HE: When we're writing together, there's no such thing as us disagreeing, because that can't happen. We know that it's right when both of us feel it. I remember when we were working on our first song, "Little Memory," and going through 50 kick-drum sounds [with producer Myles Avery], JJ and I both jumped at the same one. And they all sound exactly the same.
SD: Speaking of "Little Memory," JJ said in an interview for Wesleyan's music blog, Aural Wes, "When we wrote 'Little Memory,' those were dark times." Are you comfortable elaborating on that?
JM: I think that we started writing "Little Memory" when we were both questioning our romantic relationships, the way that our family dynamics were, [and] the way that our mothers related to our fathers. When we were feeling sad and sort of lost in the winter of our senior year, we wrote [it] as this healing process.
HE: I think "Little Memory" was a really important step for us because ... that was the first moment when we were like, "Wow, music is something that can help us make sense of our lives."
SD: Has your process changed much between "Little Memory" and the freshest tracks on Young?
HE: We had limited resources in terms of what it could sound like. I think, with the newer stuff, we approached it a little differently because we had the chance to put an organ from the 1960s in a song. We had the chance to put a glockenspiel in our songs. These are things we would've never done two years ago.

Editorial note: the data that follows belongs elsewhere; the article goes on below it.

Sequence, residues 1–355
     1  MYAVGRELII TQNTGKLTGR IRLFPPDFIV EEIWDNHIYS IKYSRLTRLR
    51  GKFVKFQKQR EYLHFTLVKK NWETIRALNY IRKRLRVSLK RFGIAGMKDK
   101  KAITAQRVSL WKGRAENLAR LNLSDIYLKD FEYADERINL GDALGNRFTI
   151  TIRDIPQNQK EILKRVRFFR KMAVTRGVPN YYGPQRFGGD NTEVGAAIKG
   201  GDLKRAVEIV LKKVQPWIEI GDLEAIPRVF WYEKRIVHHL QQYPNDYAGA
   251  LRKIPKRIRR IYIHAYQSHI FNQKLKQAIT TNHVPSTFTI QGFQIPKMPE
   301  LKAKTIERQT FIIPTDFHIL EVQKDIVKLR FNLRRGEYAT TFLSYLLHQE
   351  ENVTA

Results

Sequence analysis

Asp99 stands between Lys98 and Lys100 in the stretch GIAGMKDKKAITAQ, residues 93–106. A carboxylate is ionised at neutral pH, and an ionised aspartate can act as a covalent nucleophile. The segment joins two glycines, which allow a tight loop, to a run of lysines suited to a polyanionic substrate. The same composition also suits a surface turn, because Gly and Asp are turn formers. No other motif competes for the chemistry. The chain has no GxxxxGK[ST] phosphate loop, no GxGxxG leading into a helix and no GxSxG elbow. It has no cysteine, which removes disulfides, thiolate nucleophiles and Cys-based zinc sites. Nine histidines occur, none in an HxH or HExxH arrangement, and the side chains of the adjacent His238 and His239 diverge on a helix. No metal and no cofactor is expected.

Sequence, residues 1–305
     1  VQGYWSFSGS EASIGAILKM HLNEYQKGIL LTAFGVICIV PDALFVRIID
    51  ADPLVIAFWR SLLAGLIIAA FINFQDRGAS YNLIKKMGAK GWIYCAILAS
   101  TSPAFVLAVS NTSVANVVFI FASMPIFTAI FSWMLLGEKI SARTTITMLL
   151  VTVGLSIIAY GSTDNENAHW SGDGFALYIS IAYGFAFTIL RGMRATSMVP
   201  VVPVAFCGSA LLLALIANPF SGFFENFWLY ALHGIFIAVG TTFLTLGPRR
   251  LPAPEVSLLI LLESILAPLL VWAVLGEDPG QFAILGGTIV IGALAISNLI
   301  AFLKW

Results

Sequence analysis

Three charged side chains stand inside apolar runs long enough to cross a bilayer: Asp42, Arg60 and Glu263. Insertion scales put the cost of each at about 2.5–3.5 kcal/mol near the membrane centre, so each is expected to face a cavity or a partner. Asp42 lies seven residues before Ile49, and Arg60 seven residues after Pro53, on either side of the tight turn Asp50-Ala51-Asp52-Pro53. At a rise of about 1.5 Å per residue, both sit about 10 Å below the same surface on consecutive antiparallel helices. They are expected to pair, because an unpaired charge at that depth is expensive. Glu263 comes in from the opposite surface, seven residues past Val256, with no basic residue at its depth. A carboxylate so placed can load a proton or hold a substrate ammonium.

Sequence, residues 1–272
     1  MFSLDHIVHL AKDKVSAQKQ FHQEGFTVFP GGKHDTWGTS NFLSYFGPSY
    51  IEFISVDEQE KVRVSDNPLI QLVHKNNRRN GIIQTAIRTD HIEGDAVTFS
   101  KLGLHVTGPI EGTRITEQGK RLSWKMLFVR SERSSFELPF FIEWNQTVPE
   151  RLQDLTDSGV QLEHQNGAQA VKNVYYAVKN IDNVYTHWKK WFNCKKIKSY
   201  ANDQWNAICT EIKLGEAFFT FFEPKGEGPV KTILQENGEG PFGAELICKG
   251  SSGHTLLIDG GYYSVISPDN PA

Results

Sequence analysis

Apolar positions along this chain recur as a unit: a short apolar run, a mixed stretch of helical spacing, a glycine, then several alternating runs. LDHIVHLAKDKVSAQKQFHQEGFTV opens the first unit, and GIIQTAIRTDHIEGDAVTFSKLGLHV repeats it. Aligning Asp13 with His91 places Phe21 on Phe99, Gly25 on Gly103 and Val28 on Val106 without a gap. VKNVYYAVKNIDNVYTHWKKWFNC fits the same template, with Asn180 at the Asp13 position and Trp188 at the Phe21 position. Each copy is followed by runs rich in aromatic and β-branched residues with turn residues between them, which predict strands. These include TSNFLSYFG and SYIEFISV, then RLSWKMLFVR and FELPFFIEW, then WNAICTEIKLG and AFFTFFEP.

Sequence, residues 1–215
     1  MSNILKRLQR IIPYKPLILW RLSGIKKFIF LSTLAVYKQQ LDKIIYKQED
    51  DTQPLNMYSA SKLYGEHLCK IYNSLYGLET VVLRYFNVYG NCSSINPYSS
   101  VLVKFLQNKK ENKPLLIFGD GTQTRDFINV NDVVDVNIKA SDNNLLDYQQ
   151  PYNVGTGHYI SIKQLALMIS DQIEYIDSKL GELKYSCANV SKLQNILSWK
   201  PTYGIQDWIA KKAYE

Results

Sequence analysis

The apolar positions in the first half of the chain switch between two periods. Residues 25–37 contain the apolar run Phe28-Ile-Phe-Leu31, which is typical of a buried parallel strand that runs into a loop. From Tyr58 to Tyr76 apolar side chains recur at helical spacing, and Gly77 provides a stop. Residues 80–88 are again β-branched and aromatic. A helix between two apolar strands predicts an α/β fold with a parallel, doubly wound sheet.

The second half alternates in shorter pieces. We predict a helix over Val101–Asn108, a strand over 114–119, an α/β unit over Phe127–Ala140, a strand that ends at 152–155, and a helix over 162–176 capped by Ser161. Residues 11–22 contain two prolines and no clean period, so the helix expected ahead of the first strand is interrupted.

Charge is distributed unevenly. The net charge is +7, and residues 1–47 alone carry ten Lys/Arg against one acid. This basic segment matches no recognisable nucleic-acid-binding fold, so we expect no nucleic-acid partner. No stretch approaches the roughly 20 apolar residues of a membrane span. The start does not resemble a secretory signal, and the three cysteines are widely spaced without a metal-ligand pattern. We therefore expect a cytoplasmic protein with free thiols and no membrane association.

SD: What are some things you miss about the Wesleyan music scene? What do you not miss?
JM: Wesleyan was an amazing place for live music. Every evening you could go somewhere on campus and see other student bands. [We] have trouble articulating what we don't miss, but there was a certain pressure to make a particular kind of music — and also to not take yourself too seriously. To have pride in your work and to self-promote was sort of not cool. And I think that hindered us at the beginning.
HE: What that translates to is a culture where you're not supposed to advocate for yourself. And that's really fucked, because then there are no women in music at Wesleyan. You can't be too cool, but you can't be not cool enough. There was a lot of pressure to fit a sort of laissez-faire attitude about it.
SD: Most songwriters have one song that's like the favorite child. Which one is your special baby?
HE: It changes a lot for me. I'll have a special baby one week, and then I'll have a different [one] the next week. It's funny — the family metaphor — because that's what our album is about. "Father" opens the album, and "Mother" ends it. So they really are like children to us. I think "Kai's Song" is really speaking to me right now. It's bound to change in the next couple of days.
JM: We used to have a thing [called] "new song high." We [only] wanted to sing the last song we had written.
SD: All of the songs from your first EP are also included on Young. Have they changed in any way?
HE: They've been changed a little bit in arrangement and definitely in production. It feels like a lot more change to us than it probably will to listeners. We really wanted to bring those songs into a new space and almost kind of treat them as brand-new songs. We had to start from scratch on all of those songs, so it felt like they were [made] in the space of the album. They've been given an upgrade.